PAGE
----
JACKSON When the parents, students, faculty, and staff at Forest Hill met in the auditorium to discuss violence and fighting at the community chat the night of May 4, the room rang with frustration at the perceived chaos of the school environment and concerns about the safety of the students and teachers after a mom drew her gun during an afterschool fight on campus.
"I want to teach. I don't want to fight. I don't want to get shot at," girls' basketball coach and English teacher Lakia Westerfield said.
Fighting had been an issue at Forest Hill all school year. Students at the meeting said kids were fighting each other, and the school environment was generally disruptive and not conducive to learning. When a parent in the audience asked Dr. Cedrick Gray, superintendent of Jackson Public Schools, how the district would solve the problem, he promised a higher presence of district personnel and help from the Hinds County Sheriff's Department.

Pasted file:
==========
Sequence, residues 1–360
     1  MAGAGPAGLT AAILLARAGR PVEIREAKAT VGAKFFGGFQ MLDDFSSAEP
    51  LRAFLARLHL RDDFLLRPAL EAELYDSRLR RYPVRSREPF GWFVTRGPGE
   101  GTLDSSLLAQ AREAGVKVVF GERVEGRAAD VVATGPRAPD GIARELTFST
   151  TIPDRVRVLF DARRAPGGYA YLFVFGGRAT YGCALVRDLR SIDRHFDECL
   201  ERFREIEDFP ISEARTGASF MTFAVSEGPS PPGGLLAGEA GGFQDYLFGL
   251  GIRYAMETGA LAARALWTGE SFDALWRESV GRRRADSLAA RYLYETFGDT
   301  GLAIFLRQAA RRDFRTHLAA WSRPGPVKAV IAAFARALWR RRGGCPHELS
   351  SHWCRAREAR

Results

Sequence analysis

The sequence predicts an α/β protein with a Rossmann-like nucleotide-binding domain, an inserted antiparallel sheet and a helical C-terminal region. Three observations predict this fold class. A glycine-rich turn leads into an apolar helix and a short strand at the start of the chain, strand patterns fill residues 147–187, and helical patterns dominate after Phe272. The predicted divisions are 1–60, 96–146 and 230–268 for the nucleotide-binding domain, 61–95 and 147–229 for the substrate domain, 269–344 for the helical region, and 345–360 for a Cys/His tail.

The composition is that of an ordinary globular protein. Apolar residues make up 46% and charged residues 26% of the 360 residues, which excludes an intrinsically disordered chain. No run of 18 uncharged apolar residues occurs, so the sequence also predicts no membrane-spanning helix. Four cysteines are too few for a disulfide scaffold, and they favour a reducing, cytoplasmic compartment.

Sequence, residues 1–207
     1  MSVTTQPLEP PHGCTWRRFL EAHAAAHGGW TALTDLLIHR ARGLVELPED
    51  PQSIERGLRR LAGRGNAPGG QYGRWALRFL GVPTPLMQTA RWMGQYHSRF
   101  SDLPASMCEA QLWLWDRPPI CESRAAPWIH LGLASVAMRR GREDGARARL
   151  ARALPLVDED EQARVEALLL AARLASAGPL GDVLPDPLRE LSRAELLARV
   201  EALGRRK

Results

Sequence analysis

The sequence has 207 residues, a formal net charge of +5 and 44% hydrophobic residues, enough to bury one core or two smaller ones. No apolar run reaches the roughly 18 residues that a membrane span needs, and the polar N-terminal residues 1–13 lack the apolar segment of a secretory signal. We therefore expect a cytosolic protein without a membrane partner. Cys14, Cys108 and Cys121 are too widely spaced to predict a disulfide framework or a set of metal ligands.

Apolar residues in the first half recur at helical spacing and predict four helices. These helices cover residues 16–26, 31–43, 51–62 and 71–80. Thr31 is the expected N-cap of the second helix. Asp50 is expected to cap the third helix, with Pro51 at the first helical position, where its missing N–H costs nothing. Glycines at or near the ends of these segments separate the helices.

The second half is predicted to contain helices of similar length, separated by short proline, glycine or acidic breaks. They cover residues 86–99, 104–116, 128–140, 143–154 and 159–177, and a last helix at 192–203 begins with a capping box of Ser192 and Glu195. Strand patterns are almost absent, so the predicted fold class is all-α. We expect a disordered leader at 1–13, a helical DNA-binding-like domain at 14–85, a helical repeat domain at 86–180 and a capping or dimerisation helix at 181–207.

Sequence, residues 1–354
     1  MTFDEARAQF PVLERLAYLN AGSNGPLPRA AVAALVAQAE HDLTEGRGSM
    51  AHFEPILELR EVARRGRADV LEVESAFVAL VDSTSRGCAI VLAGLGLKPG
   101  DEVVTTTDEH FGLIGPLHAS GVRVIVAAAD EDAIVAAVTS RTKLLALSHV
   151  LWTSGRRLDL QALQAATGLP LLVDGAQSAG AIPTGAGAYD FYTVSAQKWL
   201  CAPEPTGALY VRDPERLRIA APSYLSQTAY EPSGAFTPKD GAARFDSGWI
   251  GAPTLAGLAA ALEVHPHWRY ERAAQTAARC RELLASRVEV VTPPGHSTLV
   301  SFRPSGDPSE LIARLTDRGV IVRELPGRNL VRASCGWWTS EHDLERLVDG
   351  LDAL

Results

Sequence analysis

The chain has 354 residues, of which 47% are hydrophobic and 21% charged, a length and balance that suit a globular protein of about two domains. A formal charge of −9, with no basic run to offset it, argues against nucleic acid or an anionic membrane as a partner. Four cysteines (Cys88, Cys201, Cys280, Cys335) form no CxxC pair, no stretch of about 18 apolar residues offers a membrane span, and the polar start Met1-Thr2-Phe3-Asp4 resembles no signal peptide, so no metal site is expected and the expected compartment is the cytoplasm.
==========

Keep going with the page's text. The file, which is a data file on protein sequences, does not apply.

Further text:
But research says more cops in schools do not solve the problem. In many cases, schools see even more disruptions in more punitive academic environments, with an increased number of students entering the school-to-prison pipeline. In many cases, the Southern Poverty Law Center reports in a Spring 2013 issue of "Teaching Tolerance," school resource officers often arrest kids at school for nonviolent offenses, such as being disruptive in the classroom.
The answer to JPS' issues, thus, might not be in harsher punishments and kicking kids out of school where they are more likely to come in contact with law enforcement. Instead, the district-wide PBIS, or positive behavior and instructional support model, has curbed behavioral issues at many JPS schools, and has even turned many of its elementary schools into model sites of positive behavior reinforcement. It can also keep young people from getting into worse trouble—like juvenile detention.
'Positive Behavior' in Action
Dr. Margrit Wallace, executive director of student academics and behavioral support at Jackson Public Schools, says PBIS not only improves the social-emotional mindset of students, but also makes schools safer and more structured for everyone.
"It's not a canned discipline system. It's based on research, and it works," Wallace told the Jackson Free Press.